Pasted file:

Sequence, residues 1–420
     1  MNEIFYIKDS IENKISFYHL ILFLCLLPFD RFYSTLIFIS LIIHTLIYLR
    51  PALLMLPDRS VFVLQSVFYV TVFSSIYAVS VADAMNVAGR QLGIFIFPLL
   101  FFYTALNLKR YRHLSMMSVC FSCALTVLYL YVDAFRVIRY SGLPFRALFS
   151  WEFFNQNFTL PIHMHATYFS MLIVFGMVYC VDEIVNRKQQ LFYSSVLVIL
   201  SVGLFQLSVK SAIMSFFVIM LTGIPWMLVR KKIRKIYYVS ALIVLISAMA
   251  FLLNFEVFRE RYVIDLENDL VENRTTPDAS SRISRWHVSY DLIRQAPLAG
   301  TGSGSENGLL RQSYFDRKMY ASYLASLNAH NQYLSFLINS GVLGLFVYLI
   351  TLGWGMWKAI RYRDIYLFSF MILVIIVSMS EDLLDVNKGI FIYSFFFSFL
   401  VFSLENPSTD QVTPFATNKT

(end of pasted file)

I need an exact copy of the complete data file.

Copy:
Sequence, residues 1–420
     1  MNEIFYIKDS IENKISFYHL ILFLCLLPFD RFYSTLIFIS LIIHTLIYLR
    51  PALLMLPDRS VFVLQSVFYV TVFSSIYAVS VADAMNVAGR QLGIFIFPLL
   101  FFYTALNLKR YRHLSMMSVC FSCALTVLYL YVDAFRVIRY SGLPFRALFS
   151  WEFFNQNFTL PIHMHATYFS MLIVFGMVYC VDEIVNRKQQ LFYSSVLVIL
   201  SVGLFQLSVK SAIMSFFVIM LTGIPWMLVR KKIRKIYYVS ALIVLISAMA
   251  FLLNFEVFRE RYVIDLENDL VENRTTPDAS SRISRWHVSY DLIRQAPLAG
   301  TGSGSENGLL RQSYFDRKMY ASYLASLNAH NQYLSFLINS GVLGLFVYLI
   351  TLGWGMWKAI RYRDIYLFSF MILVIIVSMS EDLLDVNKGI FIYSFFFSFL
   401  VFSLENPSTD QVTPFATNKT